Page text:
The federal government resumed federal executions last month after a 17-year hiatus, following a 5-4 Supreme Court reversal in the first of the cases Barr v. Lee.

Sotomayor said she supported the decision to deny Mitchell’s appeal but also distinguished his case from the issues raised in the rapid-fire line of appeals last month that divided the justices.  

“With additional federal executions scheduled in the coming months, the importance of clarifying the FDPA’s meaning remains,” the Obama appointee added. “I believe that this Court should address this issue in an appropriate case.”

Like this summer’s three previous federal executions, Mitchell’s tonight will also be carried out in Terre Haute, Indiana.

The Justice Department scheduled the lineup of executions in June, drawing criticism that carrying out the sentences was a campaign strategy by Trump to reinforce his mantle as the “law and order” candidate. 

The Navajo government has pleaded with Trump to commute Mitchell’s death sentence, arguing the execution is an affront to their sovereignty. 

Navajo Nation Council Speaker Seth Damon urged Trump in a letter to respect the wishes of the victims’ family, who are also Navajo citizens, and grant Mitchell life in prison without parole. 

“Vengeance or retribution are western ways that conflict with Navajo principles of harmony, balance and restoring the whole,” Damon wrote on Aug. 16. 

Mitchell’s attorneys argued in their federal complaint filed Tuesday in Washington that the inmate suffered from serious mental illness and drug addiction when he murdered his victims. 

They also claimed his co-defendant, Johnny Orsinger, was the primary aggressor and had committed an unrelated double homicide months before the killing of Alyce Slim, 63, and her 9-year-old granddaughter. Orsinger was a juvenile and received a life sentence, while Mitchell, who turned 20 just weeks before the crimes, was sentenced to death.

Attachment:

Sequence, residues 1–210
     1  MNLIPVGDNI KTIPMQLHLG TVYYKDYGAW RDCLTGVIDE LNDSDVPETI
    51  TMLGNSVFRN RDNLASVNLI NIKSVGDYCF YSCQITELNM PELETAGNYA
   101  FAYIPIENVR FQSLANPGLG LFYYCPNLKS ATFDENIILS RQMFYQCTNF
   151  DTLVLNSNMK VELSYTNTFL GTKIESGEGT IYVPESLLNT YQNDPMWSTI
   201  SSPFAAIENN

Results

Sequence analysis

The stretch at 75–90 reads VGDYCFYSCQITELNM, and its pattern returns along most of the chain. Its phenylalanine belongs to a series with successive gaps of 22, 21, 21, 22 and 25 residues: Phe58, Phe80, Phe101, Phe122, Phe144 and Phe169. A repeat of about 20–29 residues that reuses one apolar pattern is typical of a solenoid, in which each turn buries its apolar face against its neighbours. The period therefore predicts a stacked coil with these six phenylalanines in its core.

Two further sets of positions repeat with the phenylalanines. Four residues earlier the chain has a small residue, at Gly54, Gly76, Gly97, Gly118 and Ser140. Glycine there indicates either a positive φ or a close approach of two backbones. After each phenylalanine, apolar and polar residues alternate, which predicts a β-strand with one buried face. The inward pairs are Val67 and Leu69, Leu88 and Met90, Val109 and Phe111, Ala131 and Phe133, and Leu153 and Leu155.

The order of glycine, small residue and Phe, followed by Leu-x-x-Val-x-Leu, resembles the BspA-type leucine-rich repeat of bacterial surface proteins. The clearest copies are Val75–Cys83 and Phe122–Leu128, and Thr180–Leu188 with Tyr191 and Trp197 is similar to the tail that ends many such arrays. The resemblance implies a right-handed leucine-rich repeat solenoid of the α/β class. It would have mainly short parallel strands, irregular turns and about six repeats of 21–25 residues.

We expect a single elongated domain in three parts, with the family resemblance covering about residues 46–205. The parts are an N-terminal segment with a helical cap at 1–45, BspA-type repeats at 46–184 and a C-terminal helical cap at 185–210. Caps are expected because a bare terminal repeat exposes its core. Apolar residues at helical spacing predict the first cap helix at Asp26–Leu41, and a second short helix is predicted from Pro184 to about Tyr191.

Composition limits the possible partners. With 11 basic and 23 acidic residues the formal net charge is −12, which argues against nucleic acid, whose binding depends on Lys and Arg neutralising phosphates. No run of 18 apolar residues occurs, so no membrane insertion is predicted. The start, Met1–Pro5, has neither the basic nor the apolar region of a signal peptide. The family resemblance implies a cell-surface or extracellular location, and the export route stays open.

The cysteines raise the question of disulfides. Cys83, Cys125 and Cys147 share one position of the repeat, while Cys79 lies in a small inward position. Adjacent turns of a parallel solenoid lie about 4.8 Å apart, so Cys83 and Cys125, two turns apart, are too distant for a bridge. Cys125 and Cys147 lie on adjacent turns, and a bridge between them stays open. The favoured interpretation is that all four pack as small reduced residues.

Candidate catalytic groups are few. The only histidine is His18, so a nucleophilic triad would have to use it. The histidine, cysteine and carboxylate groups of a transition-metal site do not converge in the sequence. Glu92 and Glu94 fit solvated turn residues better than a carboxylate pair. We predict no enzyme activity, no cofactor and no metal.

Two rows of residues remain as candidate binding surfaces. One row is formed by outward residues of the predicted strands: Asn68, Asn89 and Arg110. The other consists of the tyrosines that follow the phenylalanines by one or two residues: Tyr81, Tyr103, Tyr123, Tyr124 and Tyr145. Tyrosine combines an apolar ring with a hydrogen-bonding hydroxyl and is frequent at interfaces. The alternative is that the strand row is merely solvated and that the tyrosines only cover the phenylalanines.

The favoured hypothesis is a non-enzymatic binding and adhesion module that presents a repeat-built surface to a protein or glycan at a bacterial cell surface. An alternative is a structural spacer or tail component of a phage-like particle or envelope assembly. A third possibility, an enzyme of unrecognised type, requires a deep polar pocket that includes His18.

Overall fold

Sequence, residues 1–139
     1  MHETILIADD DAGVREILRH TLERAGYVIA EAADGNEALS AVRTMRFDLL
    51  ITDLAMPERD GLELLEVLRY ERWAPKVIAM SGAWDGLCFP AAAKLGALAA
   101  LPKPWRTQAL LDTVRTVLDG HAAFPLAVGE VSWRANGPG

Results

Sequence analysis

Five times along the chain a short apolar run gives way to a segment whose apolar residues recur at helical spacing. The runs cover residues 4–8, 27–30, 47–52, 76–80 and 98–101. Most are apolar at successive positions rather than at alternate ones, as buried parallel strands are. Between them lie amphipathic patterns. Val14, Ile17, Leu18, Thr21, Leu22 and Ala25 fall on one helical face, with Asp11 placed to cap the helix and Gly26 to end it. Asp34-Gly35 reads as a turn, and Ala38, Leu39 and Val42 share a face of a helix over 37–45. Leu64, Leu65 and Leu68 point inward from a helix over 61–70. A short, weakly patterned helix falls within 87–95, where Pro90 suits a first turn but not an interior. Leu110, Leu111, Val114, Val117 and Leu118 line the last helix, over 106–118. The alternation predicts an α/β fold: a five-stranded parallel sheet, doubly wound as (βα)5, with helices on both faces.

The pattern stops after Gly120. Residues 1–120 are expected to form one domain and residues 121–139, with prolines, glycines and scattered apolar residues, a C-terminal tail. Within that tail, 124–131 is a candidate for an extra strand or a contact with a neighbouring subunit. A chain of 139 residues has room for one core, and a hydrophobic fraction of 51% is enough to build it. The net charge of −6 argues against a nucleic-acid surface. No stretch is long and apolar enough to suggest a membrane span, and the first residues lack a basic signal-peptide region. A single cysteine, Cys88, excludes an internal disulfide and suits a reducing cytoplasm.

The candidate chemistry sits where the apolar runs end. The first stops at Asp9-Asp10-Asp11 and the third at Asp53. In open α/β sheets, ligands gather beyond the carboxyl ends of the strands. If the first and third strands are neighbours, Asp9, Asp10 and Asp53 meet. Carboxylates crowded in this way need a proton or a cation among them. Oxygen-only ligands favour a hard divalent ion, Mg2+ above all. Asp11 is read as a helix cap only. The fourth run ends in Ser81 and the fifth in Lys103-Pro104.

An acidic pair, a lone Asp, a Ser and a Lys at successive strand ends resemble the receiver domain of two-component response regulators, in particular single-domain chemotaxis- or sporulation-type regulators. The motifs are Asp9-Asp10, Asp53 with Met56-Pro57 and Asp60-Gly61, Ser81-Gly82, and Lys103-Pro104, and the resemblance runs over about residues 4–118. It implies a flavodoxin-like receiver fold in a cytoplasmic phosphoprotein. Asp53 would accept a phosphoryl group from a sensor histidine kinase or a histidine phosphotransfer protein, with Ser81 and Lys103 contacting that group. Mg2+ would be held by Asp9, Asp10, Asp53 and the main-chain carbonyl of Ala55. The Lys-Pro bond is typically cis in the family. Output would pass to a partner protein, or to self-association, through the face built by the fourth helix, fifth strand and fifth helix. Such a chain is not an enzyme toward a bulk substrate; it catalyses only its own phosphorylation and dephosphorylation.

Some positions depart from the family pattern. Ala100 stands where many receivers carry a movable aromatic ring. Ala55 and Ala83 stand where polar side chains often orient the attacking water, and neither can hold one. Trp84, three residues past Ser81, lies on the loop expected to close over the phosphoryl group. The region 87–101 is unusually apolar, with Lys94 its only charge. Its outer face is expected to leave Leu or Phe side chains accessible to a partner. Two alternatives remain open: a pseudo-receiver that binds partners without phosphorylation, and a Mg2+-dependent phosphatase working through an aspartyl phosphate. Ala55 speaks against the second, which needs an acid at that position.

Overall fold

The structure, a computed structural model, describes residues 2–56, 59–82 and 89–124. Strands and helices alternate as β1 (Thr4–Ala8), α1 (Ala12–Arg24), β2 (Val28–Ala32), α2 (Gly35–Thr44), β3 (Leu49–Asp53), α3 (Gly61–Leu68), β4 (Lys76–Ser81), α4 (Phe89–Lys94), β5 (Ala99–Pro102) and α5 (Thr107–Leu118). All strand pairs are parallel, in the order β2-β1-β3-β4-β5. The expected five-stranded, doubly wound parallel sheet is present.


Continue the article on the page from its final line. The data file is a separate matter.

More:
“Had the jury heard this crucial mitigating evidence, it is more than likely that at least one of them would have determined that Lezmond’s life was worth saving,” the petition states. 

The Bureau of Prisons also found that Mitchell had a low risk of recidivism, his attorneys noted, stressing the inmate’s remorse over the crimes he committed. 

“Despite the Navajo Nation’s opposition to the death penalty generally, and to its imposition for Mitchell specifically, DOJ exploited a legal loophole and capitally prosecuted Mitchell for the general applicability crime of carjacking resulting in death,” they wrote in Tuesday’s complaint. 

Also on Tuesday, the D.C. Circuit refused to block what will be this week’s second federal execution. 

Keith Nelson had sought a stay of execution based on autopsy findings that Wesley Ira Purkey, executed on July 16, suffered extreme pain before succumbing to lethal injection.

Attorneys for Nelson also accused the government of having used expired vials of pentobarbital in July, presenting photos in support of their claims that the pentobarbital the government plans to administer to their client may be subpotent, thus increasing the risk of prolonged death and extreme pain.

Nelson is scheduled to go to the death chamber on Friday. He pleaded guilty in 2001 to kidnapping and murdering a 10-year-old girl who was rollerblading outside her home.

Like the three inmates executed last month, Nelson has argued the new federal execution protocol rolled out by Attorney General William Barr this summer violates the Eighth Amendment. 

But the D.C. Circuit found that the Supreme Court’s ruling in Lee last month left no room to block Mitchell’s execution. 

“Nelson’s new evidence provides no ground on which we might grant equitable relief,” Tuesday’s ruling from the three-judge panel states. “The district court made no factual findings on that evidence, and we are in no position to do so in the first instance.”